LONDON — Women working in public relations around the world are “experiencing burnout” as 40% are working longer hours in lockdown and struggling to juggle work, childcare and homeschooling, according to new research.

The Global Women in PR Annual Index, in partnership with Opinium, surveyed nearly 400 PR professionals around the world on subjects including the working environment, the pressures of working in PR, the barriers to women taking on leadership roles, the impact of being a parent and the gender pay gap. Most (86%) respondents were women, and there was an even split between those who did and did not have children, and those working in-house and in agency. Around 60% of respondents were in the senior roles, at director level or above.

Global Women in PR joint president Susan Hardwick told PRovoke Media: “The pandemic has led to many PR women experiencing burn out over the last year, as they try to juggle home schooling and lack of childcare whilst working from home. It’s certainly not been easy.”

Alice Weightman, CEO of specialist recruiter Hanson Search, who is quoted in the report, said: “Several organisations pre-Covid had started to offer greater flexibility as a way of attracting senior female talent, which is a positive. With remote working now the new norm, one would have hoped that it would level the gender playing field.

“However, Covid has instead resulted in many women struggling with home/work balance, often taking on the lion’s share of family responsibilities, leaving them overstretched and exhausted. I am hearing of senior women burnt out and either leaving the industry completely or taking on a more flexible portfolio/freelance career.”

However, Hardwick remains optimistic that there could be a silver lining, as in the medium and long-term, the new normalisation of flexible and remote working was likely to benefit women: “At the same time these women have embraced remote working, as this has given them the opportunity to create their own schedule, by not having to commute to an office and conform to traditional 9-5 office hours.

“This is a real positive outcome and is backed up by our research, which shows 69% would be more likely to choose a job that offered flexible working over one that did not. When we have come through this current crisis we sincerely hope that employers will continue to offer flexible working to help retain women in the PR industry.”

The GWPR Annual Index for 2020 also revealed that despite the significant growth in remote working even before the pandemic, the business landscape for women remains the same. In an industry which is two-thirds female, men still held 64% of seats in the boardroom in 2020, despite 80% of PR professionals believing that having women in the boardroom improves working practices.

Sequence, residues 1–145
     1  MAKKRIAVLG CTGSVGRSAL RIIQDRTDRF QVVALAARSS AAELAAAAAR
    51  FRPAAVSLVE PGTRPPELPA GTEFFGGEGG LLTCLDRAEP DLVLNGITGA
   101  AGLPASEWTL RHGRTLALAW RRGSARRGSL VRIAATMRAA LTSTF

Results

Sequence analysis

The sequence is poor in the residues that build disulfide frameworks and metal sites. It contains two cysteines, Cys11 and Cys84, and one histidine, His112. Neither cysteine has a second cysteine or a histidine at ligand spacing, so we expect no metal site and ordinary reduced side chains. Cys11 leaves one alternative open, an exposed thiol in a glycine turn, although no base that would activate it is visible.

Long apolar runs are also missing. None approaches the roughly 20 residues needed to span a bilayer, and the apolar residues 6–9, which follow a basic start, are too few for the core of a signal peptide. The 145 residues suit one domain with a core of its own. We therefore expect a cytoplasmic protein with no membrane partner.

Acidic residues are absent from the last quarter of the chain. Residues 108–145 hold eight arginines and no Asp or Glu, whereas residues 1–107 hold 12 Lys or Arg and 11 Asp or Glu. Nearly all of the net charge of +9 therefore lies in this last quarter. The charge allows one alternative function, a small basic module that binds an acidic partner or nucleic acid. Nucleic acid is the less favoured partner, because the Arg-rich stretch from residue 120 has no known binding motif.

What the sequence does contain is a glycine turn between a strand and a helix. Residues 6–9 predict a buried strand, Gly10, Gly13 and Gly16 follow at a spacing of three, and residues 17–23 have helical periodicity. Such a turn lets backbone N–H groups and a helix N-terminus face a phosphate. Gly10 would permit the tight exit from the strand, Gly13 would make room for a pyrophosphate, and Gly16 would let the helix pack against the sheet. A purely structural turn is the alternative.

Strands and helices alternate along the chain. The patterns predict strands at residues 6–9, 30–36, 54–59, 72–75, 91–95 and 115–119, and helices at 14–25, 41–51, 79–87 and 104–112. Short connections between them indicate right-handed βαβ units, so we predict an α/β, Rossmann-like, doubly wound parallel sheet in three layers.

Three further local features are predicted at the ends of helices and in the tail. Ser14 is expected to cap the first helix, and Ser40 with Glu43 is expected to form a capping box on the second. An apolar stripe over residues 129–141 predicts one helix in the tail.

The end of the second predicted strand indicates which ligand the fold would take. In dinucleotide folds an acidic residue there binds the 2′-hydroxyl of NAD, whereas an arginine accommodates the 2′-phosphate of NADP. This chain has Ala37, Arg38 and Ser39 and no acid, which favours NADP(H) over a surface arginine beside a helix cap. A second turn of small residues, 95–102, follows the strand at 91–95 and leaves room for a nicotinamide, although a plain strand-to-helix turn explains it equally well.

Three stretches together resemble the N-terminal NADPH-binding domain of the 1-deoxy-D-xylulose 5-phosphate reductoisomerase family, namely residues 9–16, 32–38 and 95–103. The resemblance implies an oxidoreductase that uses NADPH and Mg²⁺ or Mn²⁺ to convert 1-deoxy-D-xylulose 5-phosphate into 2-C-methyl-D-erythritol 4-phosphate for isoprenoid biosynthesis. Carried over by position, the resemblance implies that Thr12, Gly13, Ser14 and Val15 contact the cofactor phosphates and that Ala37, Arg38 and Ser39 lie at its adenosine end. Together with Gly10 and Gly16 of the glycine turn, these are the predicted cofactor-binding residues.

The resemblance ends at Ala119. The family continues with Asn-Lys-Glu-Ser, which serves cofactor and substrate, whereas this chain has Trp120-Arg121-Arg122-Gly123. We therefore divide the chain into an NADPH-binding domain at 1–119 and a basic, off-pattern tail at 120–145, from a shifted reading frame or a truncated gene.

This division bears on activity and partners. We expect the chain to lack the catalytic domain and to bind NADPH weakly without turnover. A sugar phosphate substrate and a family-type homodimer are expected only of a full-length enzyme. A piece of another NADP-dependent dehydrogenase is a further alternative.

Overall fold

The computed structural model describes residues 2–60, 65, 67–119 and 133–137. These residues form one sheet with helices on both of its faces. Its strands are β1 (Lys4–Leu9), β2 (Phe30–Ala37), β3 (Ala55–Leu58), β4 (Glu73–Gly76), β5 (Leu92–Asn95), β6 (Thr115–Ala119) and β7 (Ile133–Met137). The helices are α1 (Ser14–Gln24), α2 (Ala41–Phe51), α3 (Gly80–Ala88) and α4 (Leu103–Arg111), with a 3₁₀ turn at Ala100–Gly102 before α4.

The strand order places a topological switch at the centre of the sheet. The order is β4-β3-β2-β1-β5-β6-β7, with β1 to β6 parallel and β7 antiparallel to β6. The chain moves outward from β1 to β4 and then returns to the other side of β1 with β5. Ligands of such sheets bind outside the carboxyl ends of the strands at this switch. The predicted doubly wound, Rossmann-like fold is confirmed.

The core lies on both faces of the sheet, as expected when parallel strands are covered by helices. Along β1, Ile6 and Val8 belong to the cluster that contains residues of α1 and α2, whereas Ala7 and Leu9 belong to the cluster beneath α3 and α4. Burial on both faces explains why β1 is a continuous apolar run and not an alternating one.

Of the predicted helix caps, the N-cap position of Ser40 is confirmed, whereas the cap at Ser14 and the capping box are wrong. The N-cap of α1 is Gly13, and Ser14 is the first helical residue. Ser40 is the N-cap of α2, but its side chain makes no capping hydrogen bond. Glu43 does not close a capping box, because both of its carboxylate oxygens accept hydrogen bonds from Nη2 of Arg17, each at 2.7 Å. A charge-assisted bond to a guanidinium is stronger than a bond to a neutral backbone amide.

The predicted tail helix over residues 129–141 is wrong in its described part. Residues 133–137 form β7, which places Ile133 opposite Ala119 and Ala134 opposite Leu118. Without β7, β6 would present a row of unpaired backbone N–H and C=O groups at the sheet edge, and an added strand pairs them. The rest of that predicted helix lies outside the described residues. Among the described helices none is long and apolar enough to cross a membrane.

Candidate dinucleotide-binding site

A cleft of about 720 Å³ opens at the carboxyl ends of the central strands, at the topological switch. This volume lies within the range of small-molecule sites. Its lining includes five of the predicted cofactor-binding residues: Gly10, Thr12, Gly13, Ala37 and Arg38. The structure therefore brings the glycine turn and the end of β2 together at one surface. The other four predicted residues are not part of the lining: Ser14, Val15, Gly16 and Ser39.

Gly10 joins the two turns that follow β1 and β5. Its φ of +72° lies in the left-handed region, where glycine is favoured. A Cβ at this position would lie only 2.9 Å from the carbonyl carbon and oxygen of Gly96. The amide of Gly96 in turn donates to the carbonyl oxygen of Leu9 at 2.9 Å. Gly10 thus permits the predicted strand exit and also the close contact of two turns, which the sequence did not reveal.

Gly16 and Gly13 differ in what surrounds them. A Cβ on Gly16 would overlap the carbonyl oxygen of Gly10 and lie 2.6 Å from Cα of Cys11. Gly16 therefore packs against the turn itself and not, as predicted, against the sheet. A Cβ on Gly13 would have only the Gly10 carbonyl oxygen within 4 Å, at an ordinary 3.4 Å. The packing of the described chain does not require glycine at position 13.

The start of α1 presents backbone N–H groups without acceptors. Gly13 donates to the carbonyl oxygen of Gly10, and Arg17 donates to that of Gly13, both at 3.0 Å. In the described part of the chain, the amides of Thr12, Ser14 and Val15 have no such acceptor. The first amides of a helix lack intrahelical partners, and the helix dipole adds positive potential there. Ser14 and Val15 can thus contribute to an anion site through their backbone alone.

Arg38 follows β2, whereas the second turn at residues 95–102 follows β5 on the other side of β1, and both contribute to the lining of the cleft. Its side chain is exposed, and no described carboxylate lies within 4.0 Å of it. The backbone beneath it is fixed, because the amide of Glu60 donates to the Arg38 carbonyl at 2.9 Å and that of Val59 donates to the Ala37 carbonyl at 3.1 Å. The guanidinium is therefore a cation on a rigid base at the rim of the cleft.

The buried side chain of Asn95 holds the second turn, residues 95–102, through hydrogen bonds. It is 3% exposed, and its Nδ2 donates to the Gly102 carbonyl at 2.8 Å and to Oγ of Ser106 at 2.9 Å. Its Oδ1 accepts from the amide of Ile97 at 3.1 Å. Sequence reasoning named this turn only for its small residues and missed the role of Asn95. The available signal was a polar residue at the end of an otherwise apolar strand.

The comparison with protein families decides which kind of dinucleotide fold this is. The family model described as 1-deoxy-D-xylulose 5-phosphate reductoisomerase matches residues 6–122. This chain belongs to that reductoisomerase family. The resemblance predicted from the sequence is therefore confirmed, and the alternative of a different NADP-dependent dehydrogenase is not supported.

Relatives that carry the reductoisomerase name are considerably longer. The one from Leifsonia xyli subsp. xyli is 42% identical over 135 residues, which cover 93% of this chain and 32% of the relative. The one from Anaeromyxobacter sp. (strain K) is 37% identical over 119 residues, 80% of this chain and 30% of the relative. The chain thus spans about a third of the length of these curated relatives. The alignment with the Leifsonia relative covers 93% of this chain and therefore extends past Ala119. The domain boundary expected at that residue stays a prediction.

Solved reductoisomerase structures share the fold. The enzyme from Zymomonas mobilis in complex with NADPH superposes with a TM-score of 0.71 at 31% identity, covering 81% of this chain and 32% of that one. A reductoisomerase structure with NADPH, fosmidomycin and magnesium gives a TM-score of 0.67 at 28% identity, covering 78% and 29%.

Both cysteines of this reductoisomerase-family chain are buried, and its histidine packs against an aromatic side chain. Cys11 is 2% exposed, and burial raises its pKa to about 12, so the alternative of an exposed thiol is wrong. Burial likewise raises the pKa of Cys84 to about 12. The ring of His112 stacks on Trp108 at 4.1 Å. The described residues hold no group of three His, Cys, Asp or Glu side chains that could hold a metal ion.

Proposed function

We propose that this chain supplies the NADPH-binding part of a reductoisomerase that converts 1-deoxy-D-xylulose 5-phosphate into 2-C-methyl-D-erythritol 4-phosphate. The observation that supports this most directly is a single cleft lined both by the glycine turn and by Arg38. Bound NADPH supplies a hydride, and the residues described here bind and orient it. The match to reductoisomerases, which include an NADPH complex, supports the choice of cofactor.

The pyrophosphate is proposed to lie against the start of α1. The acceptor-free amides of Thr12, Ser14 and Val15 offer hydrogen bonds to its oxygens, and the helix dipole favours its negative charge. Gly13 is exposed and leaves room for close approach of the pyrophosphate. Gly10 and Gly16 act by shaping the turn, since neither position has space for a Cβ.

The top five initiatives for helping break down barriers shifted slightly from 2019 to 2020. with having more senior women as role models (66%) at the top, followed by flexible working practices (63%), senior recognition of gender inequality (58%), mentoring (55%) and shared parental leave (50%).

But the biggest barrier to getting into the boardroom continued to be childcare and caring responsibilities (78%). Almost half (47%) of women reported that being a parent had negatively impacted their career.

Other major barriers were the lack of work/life balance in senior roles (70%), lack of flexible working or family friendly policies, lack of transparency around recruitment and promotion (65%) and men promoting people like themselves (60%).

Joint president of GWPR Angela Oakes said: “We can see from our research that there has been little change in 2020 in the gender imbalance in the boardroom, despite the widely acknowledged link between boardroom diversity and a company’s financial performance.

“However, the Covid crisis has created change and quickly accelerated the trend towards remote working. Two-thirds of PR professionals believe that flexible working allows women to have a family, or caring responsibilities and still progress in their career. There is clearly a demand for this, as 69% say they would be more likely to choose a job that offered flexible working over one that did not. Employers need to recognise this and acknowledge the benefits of flexible working, so we can retain female talent in the PR industry.”